Alex + Ada #1 by Jonathan Luna & Sarah Vaughn

Books Reviews Jonathan Luna
Alex + Ada #1 by Jonathan Luna & Sarah Vaughn

Writers: Jonathan Luna & Sarah Vaughn
Art: Jonathan Luna
Publisher: Image Comics
Release Date: November 6, 2013

Alex spends his life staring at screens. When he wakes up, when he’s driving to work, when he’s at his desk, all he does is stare at a screen. That’s not too far off from reality, of course — I’m staring at one right now. I read Alex + Ada on the same computer monitor. This is what we do now.

Jonathan Luna and Sarah Vaughn extrapolate on a very current fact of modern day life with Alex + Ada. Their observations about technology are not particularly profound, though. Soullessness via technology is a common topic stretching back decades. The #1 album in America this week is about staring at a screen, which pointedly happens in about half of this comic’s panels. Ada, the robot companion given to Alex by his grandmother, is a direct descendent of the Build a Friends from Jack Kirby’s OMAC, only without Kirby’s unforgettably profane design. It’s only a first issue, so there’s room for the story to develop some depth, but the first issue doesn’t say anything that hasn’t already been said with more insight countless times.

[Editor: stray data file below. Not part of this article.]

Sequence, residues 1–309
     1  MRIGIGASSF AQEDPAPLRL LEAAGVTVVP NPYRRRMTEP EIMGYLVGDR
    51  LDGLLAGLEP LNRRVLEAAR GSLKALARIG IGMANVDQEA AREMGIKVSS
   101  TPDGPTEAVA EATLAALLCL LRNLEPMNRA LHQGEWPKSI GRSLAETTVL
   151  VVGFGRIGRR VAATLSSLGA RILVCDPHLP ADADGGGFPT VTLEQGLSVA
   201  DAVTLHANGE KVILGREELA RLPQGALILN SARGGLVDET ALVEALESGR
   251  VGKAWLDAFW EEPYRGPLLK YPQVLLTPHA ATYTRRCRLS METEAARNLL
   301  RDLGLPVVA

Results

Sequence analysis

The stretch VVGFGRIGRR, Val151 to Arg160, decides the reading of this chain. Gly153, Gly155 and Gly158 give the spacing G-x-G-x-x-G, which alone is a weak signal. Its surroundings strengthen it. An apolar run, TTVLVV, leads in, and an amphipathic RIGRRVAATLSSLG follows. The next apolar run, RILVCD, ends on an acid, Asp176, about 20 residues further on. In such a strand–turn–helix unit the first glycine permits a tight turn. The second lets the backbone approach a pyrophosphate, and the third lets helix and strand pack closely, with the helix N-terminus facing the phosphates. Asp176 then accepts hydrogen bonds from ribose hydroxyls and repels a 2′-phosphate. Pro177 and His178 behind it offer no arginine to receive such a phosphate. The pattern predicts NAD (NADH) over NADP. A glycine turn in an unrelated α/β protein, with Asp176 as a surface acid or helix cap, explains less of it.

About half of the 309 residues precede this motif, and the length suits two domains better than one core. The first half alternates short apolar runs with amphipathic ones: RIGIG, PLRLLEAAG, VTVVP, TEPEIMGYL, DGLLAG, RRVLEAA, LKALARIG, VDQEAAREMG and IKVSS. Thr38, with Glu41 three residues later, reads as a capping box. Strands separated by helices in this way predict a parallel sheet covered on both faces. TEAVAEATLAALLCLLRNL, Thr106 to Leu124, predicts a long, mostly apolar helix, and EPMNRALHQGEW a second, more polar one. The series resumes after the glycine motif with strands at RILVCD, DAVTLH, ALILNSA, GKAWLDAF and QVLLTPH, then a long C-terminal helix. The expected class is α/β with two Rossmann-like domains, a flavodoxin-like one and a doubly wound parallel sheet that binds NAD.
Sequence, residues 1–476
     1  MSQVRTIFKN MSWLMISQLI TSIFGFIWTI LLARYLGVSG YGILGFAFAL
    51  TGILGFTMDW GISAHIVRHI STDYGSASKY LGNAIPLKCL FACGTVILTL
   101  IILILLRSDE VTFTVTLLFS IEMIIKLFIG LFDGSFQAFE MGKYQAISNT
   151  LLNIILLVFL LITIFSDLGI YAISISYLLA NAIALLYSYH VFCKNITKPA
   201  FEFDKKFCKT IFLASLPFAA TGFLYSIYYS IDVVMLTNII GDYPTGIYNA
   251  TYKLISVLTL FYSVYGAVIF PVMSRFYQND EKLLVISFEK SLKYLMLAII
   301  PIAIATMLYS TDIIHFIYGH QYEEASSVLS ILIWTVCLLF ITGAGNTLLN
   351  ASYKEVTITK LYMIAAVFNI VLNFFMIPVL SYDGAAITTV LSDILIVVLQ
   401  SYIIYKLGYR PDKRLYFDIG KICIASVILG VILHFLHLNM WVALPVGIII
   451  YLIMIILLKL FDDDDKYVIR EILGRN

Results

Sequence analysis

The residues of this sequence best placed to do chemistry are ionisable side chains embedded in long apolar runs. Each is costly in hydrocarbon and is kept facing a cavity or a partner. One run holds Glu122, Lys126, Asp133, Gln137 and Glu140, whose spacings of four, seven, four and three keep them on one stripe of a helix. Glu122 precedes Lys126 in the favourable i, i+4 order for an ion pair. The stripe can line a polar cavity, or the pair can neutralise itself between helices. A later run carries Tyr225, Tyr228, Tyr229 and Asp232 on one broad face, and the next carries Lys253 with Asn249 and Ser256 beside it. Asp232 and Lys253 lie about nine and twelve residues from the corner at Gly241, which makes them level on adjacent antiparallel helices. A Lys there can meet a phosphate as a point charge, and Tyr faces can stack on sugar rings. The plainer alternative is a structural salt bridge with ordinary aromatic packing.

Luna’s art is intentionally bland, perfectly tailored for this sedated world. It makes conceptual sense but it also means these twenty plus pages are filled with drab, flat artwork. Between that lifeless art and Luna’s propensity to make characters look younger than they are, I feel like I’m reading a web-comic about baristas. I’m surprised nobody’s wearing a Death Cab shirt.

Ada (or at least the robot I assume is Ada) is barely introduced in this issue, and other than Alex’s disgust with his grandmother’s sex-bot (and our own understandable revulsion to physical intimacy with machines), Luna and Vaughn don’t tip their hands as to what we should expect from Ada or how we should react to her. These 22 pages might make a fine first chapter to a book-length collection. Right now, though, the story and art are too inert to stand on their own.

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